The European stonechat (Saxicola rubicola) is a small passerine bird that was formerly classed as a subspecies of the common stonechat. Long considered a member of the thrush family, Turdidae, genetic evidence has placed it and its relatives in the Old World flycatcher family, Muscicapidae.
Description & appearanceThe stonechat is 11.5–13 cm long and weighs 13–17 g, slightly smaller than the European robin. Both sexes have distinctively short wings, shorter than those of the more migratory whinchat and Siberian stonechat. The summer male has black upperparts, a black head, an orange throat and breast, and a white belly and vent. It also has a white half-collar on the sides of its neck, a small white scapular patch on the wings, and a very small white patch on the rump often streaked with black. The female has brown upperparts and head, and no white neck patches, rump or belly, these areas being streaked dark brown on paler brown, the only white being the scapular patch on the wings and even this often being buffy-white.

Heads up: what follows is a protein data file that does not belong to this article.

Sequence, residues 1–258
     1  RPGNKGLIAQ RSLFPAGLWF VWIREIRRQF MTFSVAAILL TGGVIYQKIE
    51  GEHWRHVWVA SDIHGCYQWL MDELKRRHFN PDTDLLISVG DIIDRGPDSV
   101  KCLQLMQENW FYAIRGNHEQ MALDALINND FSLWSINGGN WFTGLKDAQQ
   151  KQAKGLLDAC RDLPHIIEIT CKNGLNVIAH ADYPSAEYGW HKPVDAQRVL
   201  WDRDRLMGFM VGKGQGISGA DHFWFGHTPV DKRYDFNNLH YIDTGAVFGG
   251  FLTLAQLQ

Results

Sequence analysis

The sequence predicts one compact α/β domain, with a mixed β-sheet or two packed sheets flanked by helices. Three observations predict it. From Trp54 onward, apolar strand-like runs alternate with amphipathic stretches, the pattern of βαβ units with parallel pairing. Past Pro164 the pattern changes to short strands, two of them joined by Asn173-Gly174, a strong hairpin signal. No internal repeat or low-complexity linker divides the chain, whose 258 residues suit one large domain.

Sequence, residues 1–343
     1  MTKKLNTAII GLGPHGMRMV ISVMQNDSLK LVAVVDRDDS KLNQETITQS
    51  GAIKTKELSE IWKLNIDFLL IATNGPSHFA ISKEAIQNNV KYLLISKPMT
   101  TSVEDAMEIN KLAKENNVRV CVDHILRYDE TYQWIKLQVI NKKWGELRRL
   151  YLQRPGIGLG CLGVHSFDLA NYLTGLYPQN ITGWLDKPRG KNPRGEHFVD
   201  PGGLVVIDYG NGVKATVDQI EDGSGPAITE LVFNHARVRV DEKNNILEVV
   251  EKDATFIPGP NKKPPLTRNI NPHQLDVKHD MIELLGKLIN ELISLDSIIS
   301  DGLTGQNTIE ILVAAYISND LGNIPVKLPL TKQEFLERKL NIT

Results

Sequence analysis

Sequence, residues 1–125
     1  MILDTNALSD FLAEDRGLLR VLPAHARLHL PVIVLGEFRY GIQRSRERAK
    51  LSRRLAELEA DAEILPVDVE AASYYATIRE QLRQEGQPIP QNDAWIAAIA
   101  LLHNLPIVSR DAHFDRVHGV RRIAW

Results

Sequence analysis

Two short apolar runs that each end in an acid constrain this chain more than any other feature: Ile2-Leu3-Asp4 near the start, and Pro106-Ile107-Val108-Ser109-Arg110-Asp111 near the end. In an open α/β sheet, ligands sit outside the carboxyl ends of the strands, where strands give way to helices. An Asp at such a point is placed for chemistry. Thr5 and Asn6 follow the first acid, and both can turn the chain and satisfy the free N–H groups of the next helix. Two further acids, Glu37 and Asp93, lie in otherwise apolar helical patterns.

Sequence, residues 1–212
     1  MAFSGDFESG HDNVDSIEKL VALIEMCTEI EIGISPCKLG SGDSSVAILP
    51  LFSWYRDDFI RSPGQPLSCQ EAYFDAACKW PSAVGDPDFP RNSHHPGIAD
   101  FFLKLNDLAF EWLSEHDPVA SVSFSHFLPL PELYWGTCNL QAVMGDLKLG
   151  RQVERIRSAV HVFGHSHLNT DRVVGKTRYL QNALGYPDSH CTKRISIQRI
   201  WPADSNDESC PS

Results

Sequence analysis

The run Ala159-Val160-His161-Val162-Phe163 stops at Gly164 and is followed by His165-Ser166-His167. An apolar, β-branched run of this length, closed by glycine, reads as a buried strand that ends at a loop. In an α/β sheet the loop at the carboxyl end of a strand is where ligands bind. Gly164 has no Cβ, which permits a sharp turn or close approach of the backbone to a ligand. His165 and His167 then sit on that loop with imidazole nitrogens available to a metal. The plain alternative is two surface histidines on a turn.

Voice, singing & callThe male's song is high and twittering like a dunnock. Both sexes have a clicking call like stones knocking together.
HabitatEuropean stonechats breed in heathland, coastal dunes and rough grassland with scattered small shrubs and bramble, open gorse, tussocks or heather. They are short-distance migrants or non-migratory, with part of the population (particularly from northeastern parts of the range, where winters are colder) moving south to winter further south in Europe and more widely in north Africa.